SMP logo

Bookmark and Share


Lyonia - A Florida Upland

October 18, 2013 February 2, 2014
Exhibition Opening Reception: Friday, October 18, 6:00-8:00pm
Artist's Talk and Reception: Saturday, November 9, 4:00-6:00pm


The austere landscape at Lyonia is almost a Zen experience, with its pure white sand and sparse vegetation. At first I thought there was not a lot to photograph, because, as a whole, it looked more forbidding than enticing. But the more I returned to it, the more I saw. I worked with the changing light, weather, and seasons, finding beautiful details in the plants and terrain.” – Lee Dunkel


Since 2009, Lee Dunkel has been photographing the Lyonia Preserve, a 360-acre joint project of Volusia County's Land Acquisition and Management Division and the Volusia County School Board to restore and maintain this scrub habitat in Deltona, Florida. Her photographs poetically bring out the intricate patterns, textures, and shapes that compose this unique and fragile ecosystem. Using traditional black-and-white film and gelatin silver printmaking methods, Lee Dunkel emphasizes the small details that may otherwise go unnoticed in this untamed, distinct Florida landscape.

"What viewers see when looking at Lee Dunkel’s work is much more than a photographic reproduction. Her views of the landscape are more intimate and personal than the grand views of her West Coast influences, such as Adams, Weston, and Sexton; and the work is more aptly described as an emotional view of a natural scene, containing elements of abstraction. Dunkel does not aim to preserve a remote, unobtainable grandeur in the landscape, but instead invites the viewer into her world, and, in that process, we often get our feet wet."  — Rick Lang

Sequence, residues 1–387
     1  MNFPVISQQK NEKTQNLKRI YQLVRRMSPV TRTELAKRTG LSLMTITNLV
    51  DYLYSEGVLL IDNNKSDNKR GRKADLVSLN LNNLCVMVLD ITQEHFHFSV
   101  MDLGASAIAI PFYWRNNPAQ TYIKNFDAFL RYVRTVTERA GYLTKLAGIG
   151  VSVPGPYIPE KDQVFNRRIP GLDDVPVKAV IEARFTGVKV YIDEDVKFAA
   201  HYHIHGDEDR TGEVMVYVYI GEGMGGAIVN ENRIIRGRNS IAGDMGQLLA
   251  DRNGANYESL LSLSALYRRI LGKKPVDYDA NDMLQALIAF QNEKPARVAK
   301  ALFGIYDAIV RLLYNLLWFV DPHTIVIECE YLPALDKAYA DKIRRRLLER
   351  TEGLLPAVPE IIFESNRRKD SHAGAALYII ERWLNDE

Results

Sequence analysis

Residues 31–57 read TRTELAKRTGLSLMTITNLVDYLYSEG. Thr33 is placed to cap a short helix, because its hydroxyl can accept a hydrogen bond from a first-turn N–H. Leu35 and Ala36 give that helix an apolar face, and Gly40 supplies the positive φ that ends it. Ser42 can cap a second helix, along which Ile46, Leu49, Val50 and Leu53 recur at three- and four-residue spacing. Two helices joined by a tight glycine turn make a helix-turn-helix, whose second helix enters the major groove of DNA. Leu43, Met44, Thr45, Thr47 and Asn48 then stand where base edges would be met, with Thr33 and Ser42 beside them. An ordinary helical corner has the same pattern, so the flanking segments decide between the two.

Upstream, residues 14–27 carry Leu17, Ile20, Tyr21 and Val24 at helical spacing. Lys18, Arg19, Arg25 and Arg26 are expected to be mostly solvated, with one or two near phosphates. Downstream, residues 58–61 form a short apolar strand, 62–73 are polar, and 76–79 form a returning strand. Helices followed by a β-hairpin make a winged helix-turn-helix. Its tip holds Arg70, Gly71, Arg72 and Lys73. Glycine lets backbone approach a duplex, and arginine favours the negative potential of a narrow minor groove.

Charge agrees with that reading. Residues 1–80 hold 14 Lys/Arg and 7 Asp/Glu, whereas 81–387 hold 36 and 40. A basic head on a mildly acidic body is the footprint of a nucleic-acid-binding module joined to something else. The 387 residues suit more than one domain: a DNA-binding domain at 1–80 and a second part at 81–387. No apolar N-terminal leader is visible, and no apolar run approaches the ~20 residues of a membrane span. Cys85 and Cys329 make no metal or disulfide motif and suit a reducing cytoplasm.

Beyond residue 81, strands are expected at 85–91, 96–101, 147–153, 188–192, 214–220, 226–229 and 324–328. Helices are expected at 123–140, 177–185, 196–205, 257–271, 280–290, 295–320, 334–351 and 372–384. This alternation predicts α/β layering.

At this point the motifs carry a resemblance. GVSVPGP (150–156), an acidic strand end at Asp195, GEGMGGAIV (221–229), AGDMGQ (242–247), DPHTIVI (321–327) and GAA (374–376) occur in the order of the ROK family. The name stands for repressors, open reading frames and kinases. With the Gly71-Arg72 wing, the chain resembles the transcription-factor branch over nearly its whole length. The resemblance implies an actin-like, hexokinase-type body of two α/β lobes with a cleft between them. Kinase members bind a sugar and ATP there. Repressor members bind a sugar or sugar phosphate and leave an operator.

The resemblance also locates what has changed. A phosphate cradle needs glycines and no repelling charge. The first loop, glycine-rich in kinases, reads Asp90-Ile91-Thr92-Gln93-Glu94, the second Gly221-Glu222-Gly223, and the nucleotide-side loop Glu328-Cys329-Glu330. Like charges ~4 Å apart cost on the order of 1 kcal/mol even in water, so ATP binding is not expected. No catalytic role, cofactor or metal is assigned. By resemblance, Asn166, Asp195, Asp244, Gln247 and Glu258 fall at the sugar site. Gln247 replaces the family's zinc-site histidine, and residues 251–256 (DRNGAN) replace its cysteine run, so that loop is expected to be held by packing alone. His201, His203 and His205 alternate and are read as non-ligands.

“Sweat dripping from my nose, glasses slipping down my nose from the sweat, sweat running down my back and under my arms, sun beating down on the white powdery sand, no shade, no where to hide from the sun, no water to make one feel cool. This was the beginning of my one year photographic exploration of Lyonia.

Upon my first visit I thought this was an impossible landscape for me to tackle with artistic zeal. Arid and plain. Not the soft and lyrical that make the wetlands such a pleasure. However, once I put my tripod legs down and really focused on what is there I found it to be every bit as interesting an area to photograph as any of my other areas. It has this Zen-like quality that brings out a sense of peace and quiet not found in the wetlands. The openness, the sky always present. I found myself not only exploring the landscape but opening myself up to find new ways of interpreting what I am finding and seeing. The portfolios from Lyonia are quite varied as each image has its own interpretation and identity. The different seasons brought different artistic problems to be solved. In some ways it reminded me of photographing in the badlands of North Dakota, another very simple, and some would say, plain landscape. Both Lyonia and North Dakota have a unique beauty all their own. You just have to stand still, be patient, and let the quiet and simplicity of the landscape take over


I am attracted to black-and-white photography because of the abstract quality it lends to the image, making it something more than documentation... I took photographs, not with exact replication in mind, but rather 'seeing' through the lens what the images might look like once I could manipulate the prints in the darkroom. Each image is made using the whole negative, but the tonal quality is composed with a combination of photography, film development, and darkroom techniques."  - Lee Dunkel